You can find further informations on Scrineum at the internet addresses which are indicated above. Please feel free to forward this information to anyone, colleagues and students, who might be interested.
We hope that our project can be of your interest.
The first Centre for Material Texts exhibition is now live in the new exhibition cases on the first floor of the English Faculty at 9 West Road. Graduate students on Ruth Abbott’s MPhil module on 19th century writers’ notebooks have installed an exhibition of original 19th century commonplace books. The exhibition had its first installment in October 2015 at the Wordsworth Museum in Cumbria, and it has now come south and been reimagined for the English Faculty. Come and see these fascinating original manuscripts, and add an entry of your own to our modern commonplace book while you’re there!
Please come to eat cake and celebrate the arrival of our beautiful new display cases on the first-floor landing on Monday, 26 January, from 10.15-11.15 am.
My PhD research concerns the copyist Ralph Crane, a poet and scribe who is best known for his transcription of several plays for Shakespeare’s 1623 First Folio. Although typically described as a ‘playhouse scrivener’ or ‘copyist to the King’s Men’, Crane is known to have also copied for the Privy Council and Privy Seal Offices, and the Inns of Court. His manuscripts contain the work of the poets Randolph, Davison, and Austin, the naval officer Sir Henry Mainwaring, the playwrights Jonson, Beaumont, Fletcher, Massinger, Middleton and Webster, and the Lord Chancellor Sir Francis Bacon. At other points in his life, Crane was working alone, in the production of presentation manuscripts and verse miscellanies which contain poetry circulated only by him.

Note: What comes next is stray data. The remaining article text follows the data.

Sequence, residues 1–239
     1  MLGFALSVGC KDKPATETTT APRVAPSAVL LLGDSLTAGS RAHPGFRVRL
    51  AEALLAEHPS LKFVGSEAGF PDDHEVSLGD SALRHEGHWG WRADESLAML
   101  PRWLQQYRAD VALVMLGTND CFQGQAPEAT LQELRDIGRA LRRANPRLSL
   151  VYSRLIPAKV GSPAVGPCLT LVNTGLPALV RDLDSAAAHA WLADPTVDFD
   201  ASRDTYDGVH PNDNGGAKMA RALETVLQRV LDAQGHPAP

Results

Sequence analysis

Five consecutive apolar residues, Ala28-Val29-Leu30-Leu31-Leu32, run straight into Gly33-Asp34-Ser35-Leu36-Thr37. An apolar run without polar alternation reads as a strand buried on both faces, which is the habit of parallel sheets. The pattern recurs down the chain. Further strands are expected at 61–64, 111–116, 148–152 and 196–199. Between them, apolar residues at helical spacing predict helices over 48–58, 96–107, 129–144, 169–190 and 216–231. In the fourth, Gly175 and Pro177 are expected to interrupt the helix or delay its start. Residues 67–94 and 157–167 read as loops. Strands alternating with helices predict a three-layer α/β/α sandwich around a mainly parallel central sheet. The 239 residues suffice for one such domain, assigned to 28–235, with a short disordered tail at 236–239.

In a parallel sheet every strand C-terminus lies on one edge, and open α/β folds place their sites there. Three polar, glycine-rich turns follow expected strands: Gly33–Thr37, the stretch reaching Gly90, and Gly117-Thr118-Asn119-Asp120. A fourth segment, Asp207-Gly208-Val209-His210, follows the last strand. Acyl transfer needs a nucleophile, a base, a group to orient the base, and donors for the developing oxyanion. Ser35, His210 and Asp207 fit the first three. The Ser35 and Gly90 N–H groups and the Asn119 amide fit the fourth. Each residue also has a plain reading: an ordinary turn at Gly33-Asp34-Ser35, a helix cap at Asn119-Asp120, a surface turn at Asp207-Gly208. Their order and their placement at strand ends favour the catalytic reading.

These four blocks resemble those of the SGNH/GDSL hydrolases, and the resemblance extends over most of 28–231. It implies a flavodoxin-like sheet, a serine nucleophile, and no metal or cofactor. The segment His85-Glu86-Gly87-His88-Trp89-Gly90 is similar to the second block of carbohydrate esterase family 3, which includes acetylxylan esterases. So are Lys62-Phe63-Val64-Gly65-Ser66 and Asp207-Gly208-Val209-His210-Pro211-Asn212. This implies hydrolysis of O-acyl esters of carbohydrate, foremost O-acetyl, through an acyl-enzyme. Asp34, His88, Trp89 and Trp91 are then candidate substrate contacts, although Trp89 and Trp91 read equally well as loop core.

- Crane’s hand, National Maritime Museum Caird Library MS LEC/9 fols. 25v-26r.
CUL, MS Hh.1.13, fol. 71v. Copyright Cambridge University Library
Cambridge University Library, MS Hh. 1. 13 (Hh.1.13) is one of over 50 extant copies of the Speculum Christiani, a popular pastoral compilation dating most likely from the first few decades of the fifteenth century. The Speculum almost always consists of eight sections or tabulae, each of which expounds on certain aspects of the Christian faith, in keeping with Pecham’s basic syllabus of religious instruction. The Speculum, however, is often combined with other religious texts of diverse provenance.
Fols 1r-71v of Hh.1.13 contain a unique version of the Speculum (G. Holmstedt (ed.), Speculum Christiani, EETS: OS, 182 (Oxford: Oxford University Press, 1933, p. cxlii).
CUL, MS Ee.2.15, fol. 20r. Paper stock: crown. Copyright Cambridge University Library
The ‘Mapping Medieval Paper in England’ Project was funded by a Cambridge Humanities Research Grants Scheme 2014/15 with the aim of preparing a new dataset of Medieval Paper Manuscripts written in England between 1300 to about 1500 to consolidate the data that Dr Da Rold has collected to date.
Conservation Report for Pembroke College
Manuscript fragments, stored in the University Library